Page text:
Towards Sustainable Facilities Management



Publication Details

Ding, L., Drogemuller, R., Akhurst, P., Hough, R., Bull, S. & Linning, C. (2009). Towards Sustainable Facilities Management. In P. Newton, K. Hampson & R. Drogemuller (Eds.), Technology, Design and Process Innovation in the Built Environment (pp. 373-392). London and New York: Taylor & Francis.

Additional Publication Information

Buildings and infrastructure represent principal assets of any national economy as well as prime sources of environmental degradation. Making them more sustainable represents a key challenge for the construction, planning and design industries and governments at all levels; and the rapid urbanisation of the 21st century has turned this into a global challenge. This book embodies the results of a major research programme by members of the Australia Co-operative Research Centre for Construction Innovation and its global partners, presented for an international audience of construction researchers, senior professionals and advanced students. It covers four themes, applied to regeneration as well as to new build, and within the overall theme of Innovation: Sustainable Materials and Manufactures, focusing on building material products, their manufacture and assembly – and the reduction of their ecological ‘fingerprints’, the extension of their service lives, and their re-use and recyclability. It also explores the prospects for applying the principles of the assembly line. Virtual Design, Construction and Management, viewed as increasing sustainable development through automation, enhanced collaboration (such as virtual design teams), real time BL performance assessment during design, simulation of the construction process, life-cycle management of project information (zero information loss) risk minimisation, and increased potential for innovation and value adding. Integrating Design, Construction and Facility Management over the Project Life Cycle, by converging ICT, design science engineering and sustainability science. Integration across spatial scales, enabling building–infrastructure synergies (such as water and energy efficiency). Convergences between IT and design and operational processes are also viewed as a key platform increased sustainability.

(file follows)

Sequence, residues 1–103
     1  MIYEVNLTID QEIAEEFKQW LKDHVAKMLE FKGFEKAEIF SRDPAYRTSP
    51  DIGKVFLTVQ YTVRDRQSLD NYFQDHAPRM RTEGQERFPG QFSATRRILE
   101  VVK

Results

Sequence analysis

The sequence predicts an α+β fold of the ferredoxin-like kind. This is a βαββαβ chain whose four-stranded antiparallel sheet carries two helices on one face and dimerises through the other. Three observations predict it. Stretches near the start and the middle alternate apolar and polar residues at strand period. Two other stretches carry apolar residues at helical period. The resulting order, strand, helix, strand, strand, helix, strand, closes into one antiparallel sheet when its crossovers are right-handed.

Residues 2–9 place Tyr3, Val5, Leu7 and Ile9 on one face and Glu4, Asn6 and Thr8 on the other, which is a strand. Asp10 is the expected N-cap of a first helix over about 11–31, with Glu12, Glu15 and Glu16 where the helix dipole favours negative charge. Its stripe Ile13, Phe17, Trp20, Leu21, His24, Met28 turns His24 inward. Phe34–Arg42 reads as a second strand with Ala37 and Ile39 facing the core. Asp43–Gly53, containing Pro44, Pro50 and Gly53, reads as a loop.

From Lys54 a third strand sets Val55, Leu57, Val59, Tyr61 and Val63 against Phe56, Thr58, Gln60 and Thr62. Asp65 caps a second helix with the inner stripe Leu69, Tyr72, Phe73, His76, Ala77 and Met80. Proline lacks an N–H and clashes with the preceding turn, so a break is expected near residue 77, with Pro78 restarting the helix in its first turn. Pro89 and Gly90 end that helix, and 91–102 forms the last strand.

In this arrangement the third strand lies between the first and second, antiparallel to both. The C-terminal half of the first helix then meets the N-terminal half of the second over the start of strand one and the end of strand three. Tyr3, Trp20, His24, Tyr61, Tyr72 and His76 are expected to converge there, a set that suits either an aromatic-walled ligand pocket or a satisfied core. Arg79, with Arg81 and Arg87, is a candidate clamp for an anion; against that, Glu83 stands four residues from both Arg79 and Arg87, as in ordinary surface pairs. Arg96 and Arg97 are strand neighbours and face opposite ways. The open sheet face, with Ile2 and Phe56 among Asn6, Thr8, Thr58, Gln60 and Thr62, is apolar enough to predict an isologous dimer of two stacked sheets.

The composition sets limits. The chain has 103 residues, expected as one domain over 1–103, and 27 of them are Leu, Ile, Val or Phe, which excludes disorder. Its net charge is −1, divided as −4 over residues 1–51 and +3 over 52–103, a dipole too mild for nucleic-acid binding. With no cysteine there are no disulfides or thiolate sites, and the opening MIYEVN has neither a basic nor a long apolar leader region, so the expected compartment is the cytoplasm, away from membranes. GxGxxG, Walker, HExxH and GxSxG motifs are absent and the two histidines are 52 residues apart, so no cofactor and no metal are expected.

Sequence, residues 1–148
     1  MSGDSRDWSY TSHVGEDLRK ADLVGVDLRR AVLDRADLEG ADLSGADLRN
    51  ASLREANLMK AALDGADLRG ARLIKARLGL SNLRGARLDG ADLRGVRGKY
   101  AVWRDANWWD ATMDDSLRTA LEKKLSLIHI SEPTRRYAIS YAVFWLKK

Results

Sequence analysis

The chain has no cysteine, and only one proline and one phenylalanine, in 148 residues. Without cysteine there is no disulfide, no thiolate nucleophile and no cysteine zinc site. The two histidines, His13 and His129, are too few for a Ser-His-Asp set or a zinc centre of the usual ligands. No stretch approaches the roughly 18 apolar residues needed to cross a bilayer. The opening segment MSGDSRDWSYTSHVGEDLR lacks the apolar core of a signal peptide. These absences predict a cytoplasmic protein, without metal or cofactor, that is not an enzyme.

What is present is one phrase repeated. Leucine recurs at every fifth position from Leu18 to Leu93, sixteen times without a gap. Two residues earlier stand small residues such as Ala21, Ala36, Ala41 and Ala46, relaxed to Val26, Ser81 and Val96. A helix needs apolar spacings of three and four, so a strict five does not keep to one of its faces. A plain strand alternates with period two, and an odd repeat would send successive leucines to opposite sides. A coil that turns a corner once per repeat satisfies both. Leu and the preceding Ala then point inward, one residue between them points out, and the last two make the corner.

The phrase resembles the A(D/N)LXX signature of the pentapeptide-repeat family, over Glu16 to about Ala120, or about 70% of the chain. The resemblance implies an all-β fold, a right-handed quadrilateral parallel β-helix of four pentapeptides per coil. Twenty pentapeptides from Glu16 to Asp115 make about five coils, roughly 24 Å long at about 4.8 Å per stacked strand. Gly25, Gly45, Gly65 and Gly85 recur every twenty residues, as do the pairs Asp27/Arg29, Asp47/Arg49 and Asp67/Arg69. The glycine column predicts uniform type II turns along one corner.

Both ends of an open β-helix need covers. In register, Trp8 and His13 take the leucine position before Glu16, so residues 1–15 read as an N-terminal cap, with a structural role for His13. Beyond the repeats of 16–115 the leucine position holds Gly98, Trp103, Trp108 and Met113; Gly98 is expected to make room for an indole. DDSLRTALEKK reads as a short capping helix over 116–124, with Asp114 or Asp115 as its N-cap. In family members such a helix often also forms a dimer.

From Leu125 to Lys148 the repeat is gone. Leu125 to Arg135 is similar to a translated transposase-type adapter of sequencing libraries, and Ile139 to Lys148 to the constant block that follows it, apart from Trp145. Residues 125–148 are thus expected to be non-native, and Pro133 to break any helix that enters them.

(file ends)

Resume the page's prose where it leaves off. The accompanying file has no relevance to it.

About 1 per cent of all Australian commercial building stock is new each year. This means that if new building works are relied on to provide significant change in the sustainability of the stock, then it will take many years before a significant impact is achieved. Fortunately, commercial buildings are refurbished at relatively frequent intervals, so their rate of improvement is much faster than the rate of new construction. However, there are other drivers which could lead to significant improvements in our building stock. These fall under the aegis of facilities management (FM).

Link to publisher version (URL)

Taylor & Francis

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